The Solemnization of Marriage: Or, My Mom the Felon

Editor’s Pick. Written by Sarah Skwire.

The state has a long history of involving itself in the spiritual practices of its citizens. The English Reformation, the time period with which I am the most familiar, is filled with such moments. For example, in 1536 Thomas Cromwell, Henry VIII’s first minister, vicegerent in spirituals and vicar general of the newly created English Church, began to issue injunctions to the clergy of England. Among other things, they were to defend royal supremacy and abandon pilgrimages. His 1538 injunctions encouraged iconoclasm—the destruction of images of saints in sculpture or painting—prohibited the burning of candles for saints and for the dead, and required that an English copy of the Bible be put in every church for parishioners. The Elizabethan Act of Authority (1559) forbade the use of any prayer book but the approved Book of Common Prayer.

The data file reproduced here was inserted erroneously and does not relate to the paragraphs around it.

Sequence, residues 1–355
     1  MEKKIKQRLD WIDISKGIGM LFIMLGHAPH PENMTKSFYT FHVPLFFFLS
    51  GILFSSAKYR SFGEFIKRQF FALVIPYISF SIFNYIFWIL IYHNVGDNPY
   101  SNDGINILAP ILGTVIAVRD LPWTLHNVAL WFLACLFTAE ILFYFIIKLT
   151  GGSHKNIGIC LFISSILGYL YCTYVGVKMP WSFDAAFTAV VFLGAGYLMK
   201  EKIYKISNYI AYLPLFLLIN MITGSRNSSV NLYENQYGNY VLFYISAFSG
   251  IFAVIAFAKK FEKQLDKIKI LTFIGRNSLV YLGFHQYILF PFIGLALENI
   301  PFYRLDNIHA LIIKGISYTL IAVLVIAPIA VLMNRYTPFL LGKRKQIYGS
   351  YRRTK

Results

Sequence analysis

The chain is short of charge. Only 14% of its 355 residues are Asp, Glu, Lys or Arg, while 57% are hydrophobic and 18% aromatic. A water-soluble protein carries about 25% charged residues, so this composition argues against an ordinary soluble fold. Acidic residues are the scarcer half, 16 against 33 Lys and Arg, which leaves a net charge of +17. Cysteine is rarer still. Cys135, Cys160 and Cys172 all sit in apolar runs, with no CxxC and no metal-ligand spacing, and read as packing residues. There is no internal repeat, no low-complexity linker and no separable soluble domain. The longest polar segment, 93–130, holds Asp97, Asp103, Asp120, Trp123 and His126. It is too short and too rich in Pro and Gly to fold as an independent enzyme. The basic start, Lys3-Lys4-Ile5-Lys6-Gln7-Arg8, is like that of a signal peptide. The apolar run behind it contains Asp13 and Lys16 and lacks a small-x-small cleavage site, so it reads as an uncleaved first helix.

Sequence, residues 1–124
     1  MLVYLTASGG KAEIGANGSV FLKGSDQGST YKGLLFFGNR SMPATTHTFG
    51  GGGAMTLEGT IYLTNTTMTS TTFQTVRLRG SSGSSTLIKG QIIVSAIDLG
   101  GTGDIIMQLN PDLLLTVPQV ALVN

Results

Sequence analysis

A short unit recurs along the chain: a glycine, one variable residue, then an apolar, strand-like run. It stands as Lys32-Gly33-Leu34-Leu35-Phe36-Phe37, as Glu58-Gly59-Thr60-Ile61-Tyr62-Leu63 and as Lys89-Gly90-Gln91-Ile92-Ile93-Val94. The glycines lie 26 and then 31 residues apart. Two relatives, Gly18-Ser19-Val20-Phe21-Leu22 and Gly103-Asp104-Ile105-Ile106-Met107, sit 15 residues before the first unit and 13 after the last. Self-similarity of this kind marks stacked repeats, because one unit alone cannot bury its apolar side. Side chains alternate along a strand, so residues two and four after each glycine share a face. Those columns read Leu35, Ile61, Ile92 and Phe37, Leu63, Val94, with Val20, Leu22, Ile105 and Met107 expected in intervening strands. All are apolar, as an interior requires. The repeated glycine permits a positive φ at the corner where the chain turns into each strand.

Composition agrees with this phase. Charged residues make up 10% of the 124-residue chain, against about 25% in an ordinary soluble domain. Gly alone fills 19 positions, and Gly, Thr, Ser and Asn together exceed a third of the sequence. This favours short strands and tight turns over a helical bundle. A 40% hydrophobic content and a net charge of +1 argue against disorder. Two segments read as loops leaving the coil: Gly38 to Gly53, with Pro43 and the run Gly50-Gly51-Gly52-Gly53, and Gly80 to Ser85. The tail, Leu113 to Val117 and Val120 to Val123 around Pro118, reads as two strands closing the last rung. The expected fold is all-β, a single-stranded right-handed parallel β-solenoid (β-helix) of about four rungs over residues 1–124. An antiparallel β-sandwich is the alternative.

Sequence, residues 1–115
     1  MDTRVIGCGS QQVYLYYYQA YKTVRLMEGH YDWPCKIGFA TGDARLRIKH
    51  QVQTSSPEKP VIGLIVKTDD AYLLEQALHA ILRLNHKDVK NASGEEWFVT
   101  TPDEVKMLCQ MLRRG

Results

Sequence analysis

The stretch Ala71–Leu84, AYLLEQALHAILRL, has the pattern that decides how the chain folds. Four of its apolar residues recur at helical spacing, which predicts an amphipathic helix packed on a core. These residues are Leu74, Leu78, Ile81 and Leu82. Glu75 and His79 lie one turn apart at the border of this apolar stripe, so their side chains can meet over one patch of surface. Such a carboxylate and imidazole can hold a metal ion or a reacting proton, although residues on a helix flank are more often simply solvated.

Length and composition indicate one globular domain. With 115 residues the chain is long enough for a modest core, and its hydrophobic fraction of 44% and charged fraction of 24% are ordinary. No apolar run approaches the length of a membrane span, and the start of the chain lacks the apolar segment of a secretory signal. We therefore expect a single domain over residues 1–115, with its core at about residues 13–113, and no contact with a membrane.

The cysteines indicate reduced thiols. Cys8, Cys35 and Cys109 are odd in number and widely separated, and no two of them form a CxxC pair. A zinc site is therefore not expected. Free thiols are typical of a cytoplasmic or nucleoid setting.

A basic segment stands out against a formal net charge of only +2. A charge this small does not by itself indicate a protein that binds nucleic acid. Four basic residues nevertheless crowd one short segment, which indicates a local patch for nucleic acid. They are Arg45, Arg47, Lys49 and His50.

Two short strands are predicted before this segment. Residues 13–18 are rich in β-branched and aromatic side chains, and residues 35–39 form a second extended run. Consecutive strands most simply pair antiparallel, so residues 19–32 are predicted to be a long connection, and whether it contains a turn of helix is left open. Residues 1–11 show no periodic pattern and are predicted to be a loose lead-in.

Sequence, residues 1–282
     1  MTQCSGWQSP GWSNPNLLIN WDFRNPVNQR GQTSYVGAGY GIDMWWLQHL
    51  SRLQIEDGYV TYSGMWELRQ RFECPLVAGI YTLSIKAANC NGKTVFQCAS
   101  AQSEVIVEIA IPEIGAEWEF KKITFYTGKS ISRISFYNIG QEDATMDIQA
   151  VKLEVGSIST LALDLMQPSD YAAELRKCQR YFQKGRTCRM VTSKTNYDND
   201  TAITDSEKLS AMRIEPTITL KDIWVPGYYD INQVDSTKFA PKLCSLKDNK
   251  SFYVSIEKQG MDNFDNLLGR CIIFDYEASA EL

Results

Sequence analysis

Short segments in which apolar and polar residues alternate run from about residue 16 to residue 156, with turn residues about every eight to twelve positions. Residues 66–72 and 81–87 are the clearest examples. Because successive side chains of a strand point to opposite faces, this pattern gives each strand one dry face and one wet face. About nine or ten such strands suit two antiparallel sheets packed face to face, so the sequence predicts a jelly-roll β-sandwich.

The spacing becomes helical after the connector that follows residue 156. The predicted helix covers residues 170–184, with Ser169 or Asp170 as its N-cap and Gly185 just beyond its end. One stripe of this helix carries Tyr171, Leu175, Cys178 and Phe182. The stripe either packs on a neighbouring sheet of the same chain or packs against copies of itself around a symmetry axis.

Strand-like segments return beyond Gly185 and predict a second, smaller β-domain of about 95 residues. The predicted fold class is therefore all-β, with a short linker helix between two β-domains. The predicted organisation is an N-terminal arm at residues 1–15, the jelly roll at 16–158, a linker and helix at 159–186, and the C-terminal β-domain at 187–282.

Indiana, at the moment, is having a reminder of precisely this sort of spiritual meddling by the state. According John Murray at the Indianapolis Star the laws that are causing the furor “generally address perjury on a marriage license application and attempts to perform marriages not allowed by law.” While the laws have been on the books in Indiana since 1997, at least, they are receiving renewed attention because of the contemporary legal debate over same sex marriage. My interest in the law is particularly focused on section 7, which states that a person who “knowingly solemnizes a marriage of individuals who are prohibited from marrying” can be hit with a 180-day jail sentence or $1,000 fine.

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